Microsoft Looks to Take Advantage of Fitness Wearables Trend

Over the last few years, one of the biggest trends in technology has been the rise of fitness wearables — devices that track the wearer’s activity and overall physical fitness. The industry for fitness trackers is now worth an astonishing $700 million, and one in six Americans now owns at least one wearable tech device.

To take advantage of this money-making opportunity, tech monolith Microsoft recently signed deals with Fitbit and TaylorMade that will allow for the integration of data from wearable devices and services directly into Windows 10 and the Microsoft ecosystem.

According to an August 26 TechRepublic article, Fitbit devices will now come equipped with a Universal Windows App for Windows 10, Microsoft’s latest software platform. The app will be compatible with all devices using Windows 10, including tablets, PCs and smartphones, allowing users to track their fitness plans and metrics with a single interface. New Fitbit devices will also sync fitness data to one’s devices via Bluetooth technology and will respond to voice commands with the help of Cortana, Microsoft’s answer to Siri.

TaylorMade, a golf equipment manufacturer, also announced that its myRoundPro app will be fully compatible with Microsoft Band, Microsoft’s own fitness tracking wearable. By allowing golfers to track their swings, scores and other gameplay statistics, myRoundPro has been designed to make the game of golf a more enhanced experience.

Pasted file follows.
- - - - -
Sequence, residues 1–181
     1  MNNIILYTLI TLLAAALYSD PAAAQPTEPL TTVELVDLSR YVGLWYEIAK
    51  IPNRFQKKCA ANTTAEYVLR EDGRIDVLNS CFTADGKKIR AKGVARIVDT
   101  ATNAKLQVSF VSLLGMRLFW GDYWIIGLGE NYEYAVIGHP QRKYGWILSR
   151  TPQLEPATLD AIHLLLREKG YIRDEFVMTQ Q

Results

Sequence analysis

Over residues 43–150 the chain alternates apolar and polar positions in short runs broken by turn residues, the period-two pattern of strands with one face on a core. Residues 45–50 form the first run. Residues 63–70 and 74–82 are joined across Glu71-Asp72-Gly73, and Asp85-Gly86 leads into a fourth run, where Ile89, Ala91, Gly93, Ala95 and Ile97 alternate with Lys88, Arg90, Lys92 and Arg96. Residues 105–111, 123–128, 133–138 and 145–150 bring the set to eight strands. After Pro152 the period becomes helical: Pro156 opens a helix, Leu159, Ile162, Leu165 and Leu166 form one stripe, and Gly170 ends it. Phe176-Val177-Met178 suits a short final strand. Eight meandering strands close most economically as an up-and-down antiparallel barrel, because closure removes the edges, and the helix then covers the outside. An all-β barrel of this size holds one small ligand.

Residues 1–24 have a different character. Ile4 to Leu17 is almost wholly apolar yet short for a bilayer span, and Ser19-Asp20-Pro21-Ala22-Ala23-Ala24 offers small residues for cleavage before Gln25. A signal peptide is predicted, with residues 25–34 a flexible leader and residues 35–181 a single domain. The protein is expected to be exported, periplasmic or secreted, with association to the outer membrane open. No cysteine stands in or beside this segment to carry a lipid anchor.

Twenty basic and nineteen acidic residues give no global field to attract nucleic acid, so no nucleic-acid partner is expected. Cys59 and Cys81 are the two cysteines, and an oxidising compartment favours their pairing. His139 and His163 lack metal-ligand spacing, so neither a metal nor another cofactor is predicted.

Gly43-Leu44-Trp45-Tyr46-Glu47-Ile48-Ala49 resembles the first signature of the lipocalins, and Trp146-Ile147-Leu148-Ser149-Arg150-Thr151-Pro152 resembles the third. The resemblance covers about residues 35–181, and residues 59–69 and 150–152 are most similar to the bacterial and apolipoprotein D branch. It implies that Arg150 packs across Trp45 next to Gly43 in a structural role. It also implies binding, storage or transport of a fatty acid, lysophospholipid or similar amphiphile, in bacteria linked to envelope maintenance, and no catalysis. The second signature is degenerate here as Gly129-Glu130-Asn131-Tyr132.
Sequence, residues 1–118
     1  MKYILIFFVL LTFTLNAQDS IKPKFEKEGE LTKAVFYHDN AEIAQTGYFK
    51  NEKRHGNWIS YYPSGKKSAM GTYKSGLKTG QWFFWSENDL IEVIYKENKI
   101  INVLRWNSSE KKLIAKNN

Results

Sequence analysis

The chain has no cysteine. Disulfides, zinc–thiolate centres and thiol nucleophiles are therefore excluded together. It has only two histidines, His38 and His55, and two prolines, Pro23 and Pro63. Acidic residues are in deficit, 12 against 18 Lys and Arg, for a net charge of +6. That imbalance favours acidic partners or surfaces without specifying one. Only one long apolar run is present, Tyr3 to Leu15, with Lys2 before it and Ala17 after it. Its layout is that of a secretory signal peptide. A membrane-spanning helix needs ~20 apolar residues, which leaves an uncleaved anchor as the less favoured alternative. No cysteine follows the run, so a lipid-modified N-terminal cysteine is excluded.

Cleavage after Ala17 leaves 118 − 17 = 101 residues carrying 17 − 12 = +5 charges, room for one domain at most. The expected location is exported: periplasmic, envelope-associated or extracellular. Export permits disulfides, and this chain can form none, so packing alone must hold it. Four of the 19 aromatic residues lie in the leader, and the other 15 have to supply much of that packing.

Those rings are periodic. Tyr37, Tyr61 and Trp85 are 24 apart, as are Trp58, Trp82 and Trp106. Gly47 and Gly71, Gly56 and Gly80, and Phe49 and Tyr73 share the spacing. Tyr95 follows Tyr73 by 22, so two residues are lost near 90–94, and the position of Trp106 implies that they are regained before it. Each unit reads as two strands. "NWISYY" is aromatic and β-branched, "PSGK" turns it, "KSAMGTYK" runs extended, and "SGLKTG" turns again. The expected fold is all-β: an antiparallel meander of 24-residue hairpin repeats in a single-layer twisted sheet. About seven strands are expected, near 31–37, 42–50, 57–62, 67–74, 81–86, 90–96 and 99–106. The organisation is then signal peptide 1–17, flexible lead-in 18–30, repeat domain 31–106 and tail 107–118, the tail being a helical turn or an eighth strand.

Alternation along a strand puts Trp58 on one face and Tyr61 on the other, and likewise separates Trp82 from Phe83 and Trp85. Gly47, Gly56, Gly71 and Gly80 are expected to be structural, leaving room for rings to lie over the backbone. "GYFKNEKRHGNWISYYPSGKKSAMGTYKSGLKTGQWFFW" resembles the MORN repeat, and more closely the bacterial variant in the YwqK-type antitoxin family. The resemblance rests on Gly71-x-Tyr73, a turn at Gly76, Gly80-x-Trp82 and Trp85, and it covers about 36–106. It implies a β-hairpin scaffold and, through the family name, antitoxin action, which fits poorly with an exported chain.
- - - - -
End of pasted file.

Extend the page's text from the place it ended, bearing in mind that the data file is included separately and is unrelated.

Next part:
Microsoft’s push into the fitness wearables market comes at a time when devices like the Fitbit and the Apple Watch have already claimed the majority of market share. In the second quarter of 2015, Americans purchased 4.4 million Fitbits and 3.6 million Apple Watches, the Boston Globe reported.

However, since Microsoft’s Microsoft Band combines more features than simpler wearables like the Fitbit, it’s possible that the company could quickly catch up to its competition.

“Consumers expect their wearables to do more than simply count steps, just as they expect to do more than just make phone calls with their handsets,” Argus Insights CEO John Feland said in a news release.

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